Amy Winehouse died one year ago today. I remember where I was when I heard that Winehouse had died: I was in my living room sitting in front of my computer, noodling around on Twitter, probably goofing off and being an obnoxious wise ass. As usual.
Then Tweets began – one, then two, then another. And then like the sky opening in deluge, the entire Internet seemed to announce at once that Amy Winehouse had been found dead and wasn’t this shocking – not shocking – tragic – expected – too soon – what did you expect?
As measurements go, the death of a celebrity is a fairly morbid marker of time. We don’t know these people personally. We have no real connection to their lives beyond their artistic ventures and our purely voyeuristic glimpses at what was, at most, a caricature of themselves offered for public consumption.
And yet, as the Internet and supermarket newsstands begin their remembrances and retrospectives of Winehouse’s short, shocking life in the limelight, I find myself repeating with some genuine sadness, ”I can’t believe it’s been a year. I remember that day so well.”
You know what I’m talking about, right? You’ve had these time-stands-still moments over the death of someone you don’t really really know, as well. I can’t explain it more than to know that it happens and each time I’m just as taken aback.
Kurt Cobain, February 20, 1967 – April 5, 1994
I am driving along Delaware Avenue in Philadelphia and listening to WMMR when the DJ says that Kurt Cobain of Nirvana is dead. I don’t own a cell phone. Or have Facebook and Twitter. Or a computer. So I sit alone with myself and my sadness for quite some time.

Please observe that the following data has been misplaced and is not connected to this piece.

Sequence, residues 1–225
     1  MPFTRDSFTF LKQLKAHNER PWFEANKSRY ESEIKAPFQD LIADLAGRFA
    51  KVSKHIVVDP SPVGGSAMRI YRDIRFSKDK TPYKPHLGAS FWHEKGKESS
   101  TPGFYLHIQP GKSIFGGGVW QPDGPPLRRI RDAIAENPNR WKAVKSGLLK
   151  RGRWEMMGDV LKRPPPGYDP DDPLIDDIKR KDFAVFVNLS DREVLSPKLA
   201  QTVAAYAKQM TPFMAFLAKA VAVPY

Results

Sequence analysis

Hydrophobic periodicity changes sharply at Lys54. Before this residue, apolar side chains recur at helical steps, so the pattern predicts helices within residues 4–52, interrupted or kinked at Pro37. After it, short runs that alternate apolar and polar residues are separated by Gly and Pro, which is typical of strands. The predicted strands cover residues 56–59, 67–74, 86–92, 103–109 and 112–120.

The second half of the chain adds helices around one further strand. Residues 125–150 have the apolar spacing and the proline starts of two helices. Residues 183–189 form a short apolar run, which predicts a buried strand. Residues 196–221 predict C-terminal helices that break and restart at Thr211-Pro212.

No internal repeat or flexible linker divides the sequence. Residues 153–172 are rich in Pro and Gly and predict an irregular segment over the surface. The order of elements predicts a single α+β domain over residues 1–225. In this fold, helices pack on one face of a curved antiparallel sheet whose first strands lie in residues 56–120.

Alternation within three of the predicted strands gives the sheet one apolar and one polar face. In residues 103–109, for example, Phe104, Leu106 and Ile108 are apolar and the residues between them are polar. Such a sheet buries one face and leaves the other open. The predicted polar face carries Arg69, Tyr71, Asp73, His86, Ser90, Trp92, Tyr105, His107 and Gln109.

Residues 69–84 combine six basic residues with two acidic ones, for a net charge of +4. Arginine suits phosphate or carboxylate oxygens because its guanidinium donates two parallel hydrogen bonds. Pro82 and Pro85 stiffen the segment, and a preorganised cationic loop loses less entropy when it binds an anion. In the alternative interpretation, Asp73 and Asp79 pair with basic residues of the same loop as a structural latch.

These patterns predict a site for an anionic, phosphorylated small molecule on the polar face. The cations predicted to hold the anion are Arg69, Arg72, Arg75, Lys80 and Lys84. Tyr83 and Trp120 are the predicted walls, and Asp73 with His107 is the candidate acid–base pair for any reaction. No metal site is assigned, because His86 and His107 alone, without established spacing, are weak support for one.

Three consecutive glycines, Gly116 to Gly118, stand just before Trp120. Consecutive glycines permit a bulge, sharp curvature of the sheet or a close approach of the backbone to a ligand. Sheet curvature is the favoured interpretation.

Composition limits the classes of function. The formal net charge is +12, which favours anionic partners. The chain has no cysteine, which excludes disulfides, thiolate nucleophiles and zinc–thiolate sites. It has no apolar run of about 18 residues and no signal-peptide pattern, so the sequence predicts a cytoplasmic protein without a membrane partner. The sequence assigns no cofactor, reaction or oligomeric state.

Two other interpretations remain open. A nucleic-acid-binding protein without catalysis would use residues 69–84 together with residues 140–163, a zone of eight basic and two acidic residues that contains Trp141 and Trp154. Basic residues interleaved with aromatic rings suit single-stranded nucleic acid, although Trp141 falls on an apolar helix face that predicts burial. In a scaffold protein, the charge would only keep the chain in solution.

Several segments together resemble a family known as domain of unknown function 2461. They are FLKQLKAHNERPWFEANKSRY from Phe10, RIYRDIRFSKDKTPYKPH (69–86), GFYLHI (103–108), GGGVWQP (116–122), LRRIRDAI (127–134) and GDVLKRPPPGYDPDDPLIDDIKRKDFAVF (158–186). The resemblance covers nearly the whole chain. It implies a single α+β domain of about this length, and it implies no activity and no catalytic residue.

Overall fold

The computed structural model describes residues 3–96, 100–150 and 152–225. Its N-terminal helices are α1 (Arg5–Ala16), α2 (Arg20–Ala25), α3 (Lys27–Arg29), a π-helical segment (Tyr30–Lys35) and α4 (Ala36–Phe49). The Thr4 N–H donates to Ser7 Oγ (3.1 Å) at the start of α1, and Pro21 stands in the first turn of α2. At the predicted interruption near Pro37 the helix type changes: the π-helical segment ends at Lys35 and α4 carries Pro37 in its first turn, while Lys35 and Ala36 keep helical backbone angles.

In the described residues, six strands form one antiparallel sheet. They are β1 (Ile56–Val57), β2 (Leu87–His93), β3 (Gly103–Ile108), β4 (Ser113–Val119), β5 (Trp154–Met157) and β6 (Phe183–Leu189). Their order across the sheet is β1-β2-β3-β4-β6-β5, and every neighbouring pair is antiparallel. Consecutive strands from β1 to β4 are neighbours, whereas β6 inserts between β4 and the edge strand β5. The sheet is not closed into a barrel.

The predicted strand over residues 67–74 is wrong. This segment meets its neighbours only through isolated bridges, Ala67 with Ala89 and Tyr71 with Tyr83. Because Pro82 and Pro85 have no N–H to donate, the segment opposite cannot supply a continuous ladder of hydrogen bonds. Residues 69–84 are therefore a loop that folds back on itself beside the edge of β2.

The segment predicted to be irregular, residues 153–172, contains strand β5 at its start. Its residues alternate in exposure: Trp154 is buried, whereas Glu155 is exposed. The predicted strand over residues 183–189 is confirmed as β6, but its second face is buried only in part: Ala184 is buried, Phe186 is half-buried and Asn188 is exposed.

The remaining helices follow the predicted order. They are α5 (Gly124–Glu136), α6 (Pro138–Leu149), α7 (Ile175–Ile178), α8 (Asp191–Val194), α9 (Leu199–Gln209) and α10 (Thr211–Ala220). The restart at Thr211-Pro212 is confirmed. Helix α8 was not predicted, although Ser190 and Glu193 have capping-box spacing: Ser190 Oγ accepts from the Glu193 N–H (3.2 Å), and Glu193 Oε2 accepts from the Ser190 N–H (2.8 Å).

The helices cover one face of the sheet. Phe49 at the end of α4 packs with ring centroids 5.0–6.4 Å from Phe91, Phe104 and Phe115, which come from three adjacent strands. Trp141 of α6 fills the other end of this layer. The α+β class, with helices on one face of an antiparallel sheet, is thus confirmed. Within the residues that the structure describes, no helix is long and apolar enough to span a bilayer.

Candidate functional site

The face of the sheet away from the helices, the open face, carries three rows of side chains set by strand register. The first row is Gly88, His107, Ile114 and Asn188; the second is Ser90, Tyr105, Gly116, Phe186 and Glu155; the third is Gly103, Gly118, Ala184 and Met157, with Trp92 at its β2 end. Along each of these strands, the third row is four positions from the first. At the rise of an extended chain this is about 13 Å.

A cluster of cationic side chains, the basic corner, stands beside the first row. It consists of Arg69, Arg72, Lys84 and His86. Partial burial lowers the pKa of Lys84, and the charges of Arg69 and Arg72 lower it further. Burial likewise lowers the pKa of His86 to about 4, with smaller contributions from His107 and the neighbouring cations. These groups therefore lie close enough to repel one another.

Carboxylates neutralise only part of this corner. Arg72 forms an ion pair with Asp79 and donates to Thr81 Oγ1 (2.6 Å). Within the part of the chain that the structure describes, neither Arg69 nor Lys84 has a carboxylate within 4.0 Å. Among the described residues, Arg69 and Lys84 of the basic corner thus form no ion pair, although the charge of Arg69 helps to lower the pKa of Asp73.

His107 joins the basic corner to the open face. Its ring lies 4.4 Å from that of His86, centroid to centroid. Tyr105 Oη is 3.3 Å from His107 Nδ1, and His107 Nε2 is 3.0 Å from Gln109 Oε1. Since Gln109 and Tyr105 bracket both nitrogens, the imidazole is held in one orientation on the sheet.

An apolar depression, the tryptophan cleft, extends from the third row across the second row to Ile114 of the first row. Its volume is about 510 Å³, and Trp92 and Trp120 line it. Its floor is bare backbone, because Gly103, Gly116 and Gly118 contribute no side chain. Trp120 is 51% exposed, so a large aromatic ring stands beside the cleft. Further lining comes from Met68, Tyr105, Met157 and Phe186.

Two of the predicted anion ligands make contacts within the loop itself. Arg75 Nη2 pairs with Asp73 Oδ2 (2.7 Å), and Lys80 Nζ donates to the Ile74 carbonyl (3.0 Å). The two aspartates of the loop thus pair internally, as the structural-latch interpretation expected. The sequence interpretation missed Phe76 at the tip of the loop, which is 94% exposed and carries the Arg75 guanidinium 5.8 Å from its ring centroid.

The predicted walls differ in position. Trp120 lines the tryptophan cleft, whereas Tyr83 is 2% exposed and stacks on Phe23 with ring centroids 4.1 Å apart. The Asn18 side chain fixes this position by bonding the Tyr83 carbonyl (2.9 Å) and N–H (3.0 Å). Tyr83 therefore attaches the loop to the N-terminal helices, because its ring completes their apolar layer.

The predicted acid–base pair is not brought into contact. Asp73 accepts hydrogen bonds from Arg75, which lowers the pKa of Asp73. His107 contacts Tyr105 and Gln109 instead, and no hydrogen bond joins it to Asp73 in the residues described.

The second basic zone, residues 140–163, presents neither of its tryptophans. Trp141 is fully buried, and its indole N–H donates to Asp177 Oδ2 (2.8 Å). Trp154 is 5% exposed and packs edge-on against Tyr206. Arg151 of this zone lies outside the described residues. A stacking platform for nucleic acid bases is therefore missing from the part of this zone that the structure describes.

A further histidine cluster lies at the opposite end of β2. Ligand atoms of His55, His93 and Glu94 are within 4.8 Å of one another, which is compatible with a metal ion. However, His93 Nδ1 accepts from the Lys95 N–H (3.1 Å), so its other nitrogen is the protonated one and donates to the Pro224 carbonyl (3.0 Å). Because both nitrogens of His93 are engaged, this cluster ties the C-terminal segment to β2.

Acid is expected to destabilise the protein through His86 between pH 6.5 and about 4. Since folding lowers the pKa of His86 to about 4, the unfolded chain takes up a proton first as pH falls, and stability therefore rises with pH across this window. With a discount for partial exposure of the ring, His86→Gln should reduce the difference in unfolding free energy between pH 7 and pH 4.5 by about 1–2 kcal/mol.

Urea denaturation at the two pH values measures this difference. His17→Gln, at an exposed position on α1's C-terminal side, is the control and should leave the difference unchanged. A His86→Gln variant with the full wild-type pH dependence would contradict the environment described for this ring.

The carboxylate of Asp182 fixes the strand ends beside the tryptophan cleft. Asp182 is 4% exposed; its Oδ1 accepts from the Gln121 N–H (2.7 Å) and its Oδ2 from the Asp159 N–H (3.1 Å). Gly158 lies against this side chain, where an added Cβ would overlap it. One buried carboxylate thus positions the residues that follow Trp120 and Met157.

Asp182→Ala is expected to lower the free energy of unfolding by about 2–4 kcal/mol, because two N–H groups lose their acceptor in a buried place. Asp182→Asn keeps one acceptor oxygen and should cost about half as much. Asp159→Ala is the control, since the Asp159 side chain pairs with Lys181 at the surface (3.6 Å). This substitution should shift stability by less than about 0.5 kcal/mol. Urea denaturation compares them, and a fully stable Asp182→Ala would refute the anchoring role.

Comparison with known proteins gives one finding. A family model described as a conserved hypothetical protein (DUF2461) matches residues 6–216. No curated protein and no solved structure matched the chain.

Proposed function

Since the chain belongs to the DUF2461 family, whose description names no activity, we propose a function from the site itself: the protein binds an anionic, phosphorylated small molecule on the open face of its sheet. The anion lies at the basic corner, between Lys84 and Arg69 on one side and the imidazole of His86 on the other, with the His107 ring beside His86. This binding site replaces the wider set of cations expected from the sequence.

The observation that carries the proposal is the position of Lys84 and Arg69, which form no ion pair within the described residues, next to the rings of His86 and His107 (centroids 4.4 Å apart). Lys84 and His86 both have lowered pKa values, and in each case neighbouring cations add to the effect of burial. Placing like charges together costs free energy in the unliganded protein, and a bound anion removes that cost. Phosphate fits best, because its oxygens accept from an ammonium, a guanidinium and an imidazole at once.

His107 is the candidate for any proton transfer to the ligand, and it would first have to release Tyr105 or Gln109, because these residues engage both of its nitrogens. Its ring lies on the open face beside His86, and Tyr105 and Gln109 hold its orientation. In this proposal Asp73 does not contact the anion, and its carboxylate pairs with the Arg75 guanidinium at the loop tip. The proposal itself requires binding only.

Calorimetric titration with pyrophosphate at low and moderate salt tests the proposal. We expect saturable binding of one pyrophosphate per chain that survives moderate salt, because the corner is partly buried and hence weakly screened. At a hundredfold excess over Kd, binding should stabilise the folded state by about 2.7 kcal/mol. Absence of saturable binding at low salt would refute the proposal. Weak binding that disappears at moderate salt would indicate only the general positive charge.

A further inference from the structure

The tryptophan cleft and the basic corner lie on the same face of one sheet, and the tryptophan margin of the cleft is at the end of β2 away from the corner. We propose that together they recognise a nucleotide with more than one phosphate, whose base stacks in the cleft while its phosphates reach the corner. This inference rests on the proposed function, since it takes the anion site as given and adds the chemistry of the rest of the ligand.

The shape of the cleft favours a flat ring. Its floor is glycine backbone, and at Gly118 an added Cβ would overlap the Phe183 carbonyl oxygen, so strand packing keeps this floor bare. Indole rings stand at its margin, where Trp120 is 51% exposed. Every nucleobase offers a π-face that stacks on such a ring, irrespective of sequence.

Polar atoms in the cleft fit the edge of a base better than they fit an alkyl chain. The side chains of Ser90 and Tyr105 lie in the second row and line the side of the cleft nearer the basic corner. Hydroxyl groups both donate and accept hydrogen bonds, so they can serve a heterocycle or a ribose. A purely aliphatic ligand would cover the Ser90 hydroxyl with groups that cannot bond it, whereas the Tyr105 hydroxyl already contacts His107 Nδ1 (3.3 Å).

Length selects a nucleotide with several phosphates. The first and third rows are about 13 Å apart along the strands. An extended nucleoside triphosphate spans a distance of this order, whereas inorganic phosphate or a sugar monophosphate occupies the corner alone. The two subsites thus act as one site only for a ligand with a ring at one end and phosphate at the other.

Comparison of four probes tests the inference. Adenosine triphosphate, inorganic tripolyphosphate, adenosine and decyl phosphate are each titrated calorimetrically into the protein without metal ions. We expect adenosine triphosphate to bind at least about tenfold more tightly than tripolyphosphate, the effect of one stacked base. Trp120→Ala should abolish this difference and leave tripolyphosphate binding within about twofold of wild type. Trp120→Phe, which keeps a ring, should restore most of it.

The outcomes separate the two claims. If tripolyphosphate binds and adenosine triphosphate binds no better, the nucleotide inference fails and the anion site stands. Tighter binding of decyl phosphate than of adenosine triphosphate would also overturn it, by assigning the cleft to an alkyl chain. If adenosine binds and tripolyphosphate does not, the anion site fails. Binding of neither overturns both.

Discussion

Jerry Garcia, August 1, 1942 – August 9, 1995
I am working in the supply closet of a large pharmaceutical company and listening to the radio. The DJ’s voice sounds rough and choked-up as he announces the passing of guitarist and singer of the Grateful Dead, Jerry Garcia. I stop what I am doing, sit cross-legged on the floor, and remember 13 Dead shows and Garcia’s soundtrack to more than a few magical summers. Box of Rain begins to play, and I sing along, one more time.
Joey Ramone, May 19, 1951 – April 15, 2001
Standing in my kitchen, pregnant, barefoot and holding a baby. I am a million miles away from—but instantly become–the teenage girl who first heard Rock and Roll High School sounding like a million Led Zeppelin albums being smashed.
Michael Jackson, August 29, 1958 – June 25, 2009
I am working in a bookstore, and the news of Michael Jackson’s death is being spread in a series of questions: Can this be true? Is it a hoax? The Michael Jackson? No one knows for sure, but the sketchy details sounded real enough. And it is enough to make us exhale hard.
Elvis Presley, January 8, 1935 – August 16, 1977
I’m ten years old, and the television is on in our living room. A Special Bulletin breaks through regular programming. Elvis is dead.I remember wondering how it could be that someone so famous, so wealthy, so loved could actually die. And for the first time, the thought clearly strikes me: if Elvis could die, then surely, anyone could.
John Lennon, October 9, 1940 – December 8, 1980
I am 14 years old, a sophomore in high school, and the Beatles are my religion. I just bought a ticket to my school’s annual spring trip to New York City; however, instead of going to the scheduled Broadway musical, I’m going to skip out and head to Central Park West with a plan to camp out in front of the Dakota apartments and try to catch a glimpse of John at the entrance. It’s now the morning of December 9, my dad walks into my room before I am fully awake and tells me the news that Lennon had been shot dead outside his home in New York City. My heart breaks. Then breaks and breaks again. That spring, I go on the school trip, leave my group at Times Square, and head out alone to spend my afternoon crying in front of the Dakota.